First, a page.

Qualcomm Faces Fine of $865M from South Korean Regulator

Qualcomm officials enter a courtroom of the Fair Trade Commission in Sejong central South Korea on Dec. 28 2016
Qualcomm officials enter a courtroom of the Fair Trade Commission in Sejong central South Korea on Dec. 28 2016
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29 December, 2016

Qualcomm faces the largest antitrust fine in South Korean history, following a almost three-year investigation from the South Korean Fair Trade Commission.

The South Korean regulator said that many of Qualcomm's business practices are in violation of the Korean competitive law, including those related to patent licensing and modem chip sales.

Qualcomm also says their licensing deals have existed in South Korea, and all over the world, for decades.

KFTC Secretary General Shin Young-son told a media briefing in Seoul that the ruling was not about protecting domestics companies such as LG Electronics Co. and Samsung but about improving market competition for all players.

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"Qualcomm has taken a contradictory stance, as it received comprehensive licenses from handset companies but never offered its rights to its chip rivals".

"Qualcomm strongly believes that the KFTC findings are inconsistent with the facts, disregard the economic realities of the marketplace, and misapply fundamental tenets of competition law", comments Qualcomm Executive Vice President and General Counsel - Don Rosenberg.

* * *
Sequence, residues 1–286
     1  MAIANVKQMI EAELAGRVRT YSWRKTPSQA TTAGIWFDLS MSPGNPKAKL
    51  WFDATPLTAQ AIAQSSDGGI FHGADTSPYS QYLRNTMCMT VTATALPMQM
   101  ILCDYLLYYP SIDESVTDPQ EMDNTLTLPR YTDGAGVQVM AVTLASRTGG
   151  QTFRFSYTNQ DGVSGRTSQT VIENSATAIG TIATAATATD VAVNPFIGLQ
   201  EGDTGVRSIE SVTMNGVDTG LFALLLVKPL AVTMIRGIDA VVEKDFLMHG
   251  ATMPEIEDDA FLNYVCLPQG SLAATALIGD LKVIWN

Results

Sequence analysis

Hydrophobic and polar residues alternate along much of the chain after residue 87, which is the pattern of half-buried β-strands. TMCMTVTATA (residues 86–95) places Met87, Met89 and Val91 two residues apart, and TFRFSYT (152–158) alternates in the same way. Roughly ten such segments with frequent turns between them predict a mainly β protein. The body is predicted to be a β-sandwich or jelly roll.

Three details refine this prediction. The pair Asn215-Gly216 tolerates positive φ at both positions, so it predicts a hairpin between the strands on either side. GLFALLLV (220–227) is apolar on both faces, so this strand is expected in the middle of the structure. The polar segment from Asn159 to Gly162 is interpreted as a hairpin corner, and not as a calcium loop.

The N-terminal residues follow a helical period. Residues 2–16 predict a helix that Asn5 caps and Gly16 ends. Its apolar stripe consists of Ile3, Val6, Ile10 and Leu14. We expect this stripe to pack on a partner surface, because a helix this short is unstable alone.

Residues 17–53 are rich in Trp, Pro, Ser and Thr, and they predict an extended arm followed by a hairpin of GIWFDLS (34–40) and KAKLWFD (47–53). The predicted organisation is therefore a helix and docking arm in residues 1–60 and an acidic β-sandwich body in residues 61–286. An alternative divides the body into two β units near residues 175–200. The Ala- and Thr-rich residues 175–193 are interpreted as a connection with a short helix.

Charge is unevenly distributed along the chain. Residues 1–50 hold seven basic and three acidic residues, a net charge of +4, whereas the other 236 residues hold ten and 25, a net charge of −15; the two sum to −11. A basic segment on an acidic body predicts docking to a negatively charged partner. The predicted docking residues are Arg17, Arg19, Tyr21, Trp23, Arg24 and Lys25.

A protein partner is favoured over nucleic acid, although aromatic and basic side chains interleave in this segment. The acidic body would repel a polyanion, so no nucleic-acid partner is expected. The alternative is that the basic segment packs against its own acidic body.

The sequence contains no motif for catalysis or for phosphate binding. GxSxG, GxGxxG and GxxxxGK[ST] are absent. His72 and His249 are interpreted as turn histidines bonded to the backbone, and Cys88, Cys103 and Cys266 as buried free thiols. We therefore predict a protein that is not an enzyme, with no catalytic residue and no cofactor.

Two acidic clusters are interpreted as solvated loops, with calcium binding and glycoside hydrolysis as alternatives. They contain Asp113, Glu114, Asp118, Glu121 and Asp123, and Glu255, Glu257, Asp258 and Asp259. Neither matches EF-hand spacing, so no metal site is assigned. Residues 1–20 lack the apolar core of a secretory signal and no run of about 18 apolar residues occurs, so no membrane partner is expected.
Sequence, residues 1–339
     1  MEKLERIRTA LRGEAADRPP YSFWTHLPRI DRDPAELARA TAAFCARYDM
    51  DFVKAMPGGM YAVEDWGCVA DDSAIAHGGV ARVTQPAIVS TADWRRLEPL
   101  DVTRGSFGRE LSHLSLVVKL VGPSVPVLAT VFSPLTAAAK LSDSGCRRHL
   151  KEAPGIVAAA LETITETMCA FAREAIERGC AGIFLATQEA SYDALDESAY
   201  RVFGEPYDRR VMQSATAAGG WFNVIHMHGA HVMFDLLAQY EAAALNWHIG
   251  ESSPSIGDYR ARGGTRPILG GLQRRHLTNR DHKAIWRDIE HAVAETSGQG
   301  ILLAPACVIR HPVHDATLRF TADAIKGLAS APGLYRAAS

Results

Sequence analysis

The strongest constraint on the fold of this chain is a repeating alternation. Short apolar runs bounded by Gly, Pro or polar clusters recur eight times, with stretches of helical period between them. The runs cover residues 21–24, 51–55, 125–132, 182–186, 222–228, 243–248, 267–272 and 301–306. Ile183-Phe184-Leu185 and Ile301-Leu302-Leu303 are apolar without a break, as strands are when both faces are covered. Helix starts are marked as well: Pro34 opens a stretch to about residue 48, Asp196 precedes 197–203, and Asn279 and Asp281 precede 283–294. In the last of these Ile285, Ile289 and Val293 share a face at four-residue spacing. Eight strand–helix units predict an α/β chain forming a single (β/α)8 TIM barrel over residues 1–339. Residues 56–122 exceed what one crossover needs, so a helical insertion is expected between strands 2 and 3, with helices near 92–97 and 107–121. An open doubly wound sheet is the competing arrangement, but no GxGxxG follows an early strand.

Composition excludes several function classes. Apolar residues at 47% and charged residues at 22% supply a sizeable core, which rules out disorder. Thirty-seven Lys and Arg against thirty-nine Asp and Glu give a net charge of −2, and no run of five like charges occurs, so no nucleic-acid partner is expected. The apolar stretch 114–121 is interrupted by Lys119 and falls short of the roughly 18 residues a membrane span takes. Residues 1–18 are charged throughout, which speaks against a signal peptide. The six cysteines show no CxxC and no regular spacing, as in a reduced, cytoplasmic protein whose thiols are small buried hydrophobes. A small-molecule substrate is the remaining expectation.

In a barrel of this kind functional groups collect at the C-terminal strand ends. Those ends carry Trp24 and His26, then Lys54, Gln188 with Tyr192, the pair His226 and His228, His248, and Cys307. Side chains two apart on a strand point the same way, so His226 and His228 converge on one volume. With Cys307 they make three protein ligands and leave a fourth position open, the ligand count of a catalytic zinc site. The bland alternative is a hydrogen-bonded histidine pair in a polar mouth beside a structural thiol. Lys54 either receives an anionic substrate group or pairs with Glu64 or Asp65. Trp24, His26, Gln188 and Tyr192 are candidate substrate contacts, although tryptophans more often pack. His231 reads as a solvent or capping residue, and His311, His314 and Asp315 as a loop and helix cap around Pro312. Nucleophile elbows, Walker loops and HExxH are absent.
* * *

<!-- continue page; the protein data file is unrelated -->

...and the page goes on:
Qualcomm is facing similar antitrust concerns in a number of other countries including the US and Taiwan. This is a major setback for Qualcomm's most profitable business of licensing wireless patents to the mobile industry. The previous record fine to be ever imposed by the FTC was 668.9 billion won on six liquid petroleum gas suppliers for price fixing activity in April 2010. Qualcomm, along with other mobile telecommunication companies - Ericsson (ERIC - Free Report), Huawei Technologies Co. $852.9 million for alleged antitrust law violations as the USA chip maker faces global scrutiny over its patent-licensing business. This recent ruling won't go into effect until the commission issues a formal written order, which is said to take anywhere from weeks to months to put together. "This decision ignores that win-win relationship", he adds. The company will still have to pay the fine within 60 days after the written order comes out, although it will be subject to adjustment or refund based on the appeal. The decision will be challenged in court, the chip maker said later.


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